You can make a case for trading Cano or Melky, but it has to be for a younger player who has his prime ahead of him – not far behind him as Damon, Matsui, Giambi, Abreu, Pavano, RJ all have proven or are proving.

    If its my call, it be pretty hard to let go of Cano, Melk is one of my all-time favorites already and I was hoping he could be a modern Roy White in LF (less speed, better arm, good instincts and spray the ball to all fields).

    Melk’s got me a bit worried, but I still like his hustle, his smarts and that arm and for the most part his glove. As a LFer I think he could be one of the best in the league right now.

    I think the Yanks have a great talent for messing up the few rookies that actually force their way into the lineup – Cash and Torre are doing just that with these guys – they are so worried about the fading stars that they have signed, they aren’t paying enough attention to young guys that might actually help them break this cycle of waste and failure.

  • Joseph P.

    Thanks, Pat. Means a lot.

  • Mike

    This year is the first year that I have the Extra Innings package (I live in Delaware) and I find myself thinking about Cano’s at-bats more than anyone else on the team. At first I thought he swung at the first pitch too much and he became a much different hitter when he was behind in the count (not entirely untrue). But now it seems like pitchers go right after him and he is behind in the count whether he swings or not.

    So I agree with Joseph that he should just swing away and do whatever is natural to him. Maybe you add a caveat to that and tell him to eye up a certain pitch (fastball, anyone?) for the first pitch and if it is not that pitch then maybe he should take it. He definitely swings and misses too much (as opposed to say, Chuck Knoblauch) to be waiting for his pitch.

    The guy is without a doubt a very good hitter and he just may be the rare case of a guy who will not improve by seeing more pitches.

  • C-Note

    great post, very interesting… what’s also coming into play is that whispers on some talk radio shows and some Blogs that Cano is enjoying too much of the good life this year— everyone from NY who is over the age of 30 can remember what the NY nightlife did to certain Mets mega stars of the 80’s— while it’s not suggested he is abusing anything, it is being said that he is partying and staying out late way too much

    And again this is all rumour, I didn’t see it, I don’t know, but this stuff on Robbie is out there.

    Myself, I’d like to see him hit somewhere else in the line-up with some protection behind him- he was a hitting machine coming off of the DL this last year, I can’t believe that guy has disappeared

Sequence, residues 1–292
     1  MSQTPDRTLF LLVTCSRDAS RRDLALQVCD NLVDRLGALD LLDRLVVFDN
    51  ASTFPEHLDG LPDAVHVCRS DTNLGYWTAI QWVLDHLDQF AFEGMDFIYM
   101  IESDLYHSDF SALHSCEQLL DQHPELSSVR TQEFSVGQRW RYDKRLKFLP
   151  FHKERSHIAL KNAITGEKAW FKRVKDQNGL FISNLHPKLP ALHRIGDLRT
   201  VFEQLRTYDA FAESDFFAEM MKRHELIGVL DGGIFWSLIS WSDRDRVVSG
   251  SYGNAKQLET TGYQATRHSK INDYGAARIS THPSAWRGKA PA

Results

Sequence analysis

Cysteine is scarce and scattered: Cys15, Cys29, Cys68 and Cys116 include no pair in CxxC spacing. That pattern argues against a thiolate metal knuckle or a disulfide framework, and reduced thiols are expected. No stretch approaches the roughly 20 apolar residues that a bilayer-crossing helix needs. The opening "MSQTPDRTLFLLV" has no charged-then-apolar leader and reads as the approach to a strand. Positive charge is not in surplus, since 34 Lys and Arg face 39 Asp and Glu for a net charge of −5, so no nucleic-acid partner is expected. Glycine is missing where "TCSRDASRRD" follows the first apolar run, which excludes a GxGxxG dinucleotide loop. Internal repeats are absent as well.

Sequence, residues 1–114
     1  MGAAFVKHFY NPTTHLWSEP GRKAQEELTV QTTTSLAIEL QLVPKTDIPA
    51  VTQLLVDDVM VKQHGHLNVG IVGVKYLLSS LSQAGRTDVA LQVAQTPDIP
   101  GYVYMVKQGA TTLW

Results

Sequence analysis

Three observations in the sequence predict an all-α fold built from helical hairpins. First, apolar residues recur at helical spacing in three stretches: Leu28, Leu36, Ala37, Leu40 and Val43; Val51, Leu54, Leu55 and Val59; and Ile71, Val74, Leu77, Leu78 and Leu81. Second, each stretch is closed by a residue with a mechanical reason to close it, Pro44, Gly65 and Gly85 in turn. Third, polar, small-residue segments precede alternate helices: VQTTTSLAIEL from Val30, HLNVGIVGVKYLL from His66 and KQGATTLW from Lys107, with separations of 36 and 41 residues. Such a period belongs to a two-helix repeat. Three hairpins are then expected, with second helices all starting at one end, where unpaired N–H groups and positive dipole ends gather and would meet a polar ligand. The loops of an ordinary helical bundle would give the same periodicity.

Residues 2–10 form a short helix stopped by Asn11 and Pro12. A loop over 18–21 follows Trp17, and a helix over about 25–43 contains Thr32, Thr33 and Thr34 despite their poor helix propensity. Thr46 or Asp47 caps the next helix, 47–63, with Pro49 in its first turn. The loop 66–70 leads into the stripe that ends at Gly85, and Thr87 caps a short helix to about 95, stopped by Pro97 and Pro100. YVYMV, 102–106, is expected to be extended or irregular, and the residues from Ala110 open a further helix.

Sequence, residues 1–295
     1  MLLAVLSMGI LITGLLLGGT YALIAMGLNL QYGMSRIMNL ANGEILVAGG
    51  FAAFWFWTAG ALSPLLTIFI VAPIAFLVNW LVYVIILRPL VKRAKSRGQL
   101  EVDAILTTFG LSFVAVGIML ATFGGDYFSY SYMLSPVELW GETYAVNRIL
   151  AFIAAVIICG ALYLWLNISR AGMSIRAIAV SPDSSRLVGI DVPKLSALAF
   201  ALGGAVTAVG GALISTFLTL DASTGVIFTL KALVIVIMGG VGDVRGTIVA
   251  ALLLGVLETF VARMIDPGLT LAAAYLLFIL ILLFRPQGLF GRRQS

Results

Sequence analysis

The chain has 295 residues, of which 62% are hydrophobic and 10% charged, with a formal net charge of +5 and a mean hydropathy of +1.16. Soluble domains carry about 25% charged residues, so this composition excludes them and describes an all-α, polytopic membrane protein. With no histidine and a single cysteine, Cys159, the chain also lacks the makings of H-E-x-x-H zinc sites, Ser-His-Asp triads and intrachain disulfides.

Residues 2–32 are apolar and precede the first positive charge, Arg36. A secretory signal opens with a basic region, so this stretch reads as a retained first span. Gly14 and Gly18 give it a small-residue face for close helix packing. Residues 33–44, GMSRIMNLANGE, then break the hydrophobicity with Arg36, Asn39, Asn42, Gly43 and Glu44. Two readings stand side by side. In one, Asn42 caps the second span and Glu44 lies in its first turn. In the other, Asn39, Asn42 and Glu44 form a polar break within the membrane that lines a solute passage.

I’m also a huge Melky fan, he’s 22- play him in center everyday for the rest of the year, I mean, who else is there, Kevin Thompson?

  • brxbomrs

    Yep C-Note, I heard the same whispers today on the radio, don’t know what to think.

    I understand the point of some that for a legendary franchise who had DiMag, Mantle and Williams in CF, to annoint Melky the CF is a bit ludicrous when he’s struggling at the plate (with no power yet) and having some trouble taking charge out there.

    You are absolutely right, right now the choice would be KT or Kevin Reese (also ludicrous for a team with our p\r).

    I think Melk if nurtured could become a nice everyday LFer – better than what Curtis gave us and closer to Roy White. And regardless of the naysayers, I think he needs to be cut some slack in CF – most guys don’t improve in a straight line – its two steps up, one back, sometimes vica versa (and if you are most of the guys we developed the last 15 years its several steps down into the abyss).

    I like the way Cano and Melk interact with Bowa, Torre doesn’t appear to have that kind of relationship with anyone other than Jeter – and for me going forward I’d like to see a few more young guys mixed in with veterans that aren’t in steep decline.

    It is really not about Torre or Cashman, its about a change in philosophy and a front office that can be ahead of the curve, not even with it or behind it.

  • Barry

    It doesn’t help where he hits in the line-up.

  • C-Note

    well barry, we won’t know till we see it, will we??

  • dan

    wow joe. that was a great post. that was like the best of THT and RAB rolled into one. Cano said that last year he started feeling more comfortable in the box after he stopped thinking about taking pitches. we all remember when he hit about .624 after the break with an rbi per game, maybe (okay, definitely) he should go back to what he did last year after the hammy injury.

  • NBarnes

    RCAA is quite possibly the dumbest stat ever.

    Productive Outs.

  • Joseph P.

    Touche, NBarnes. Touche.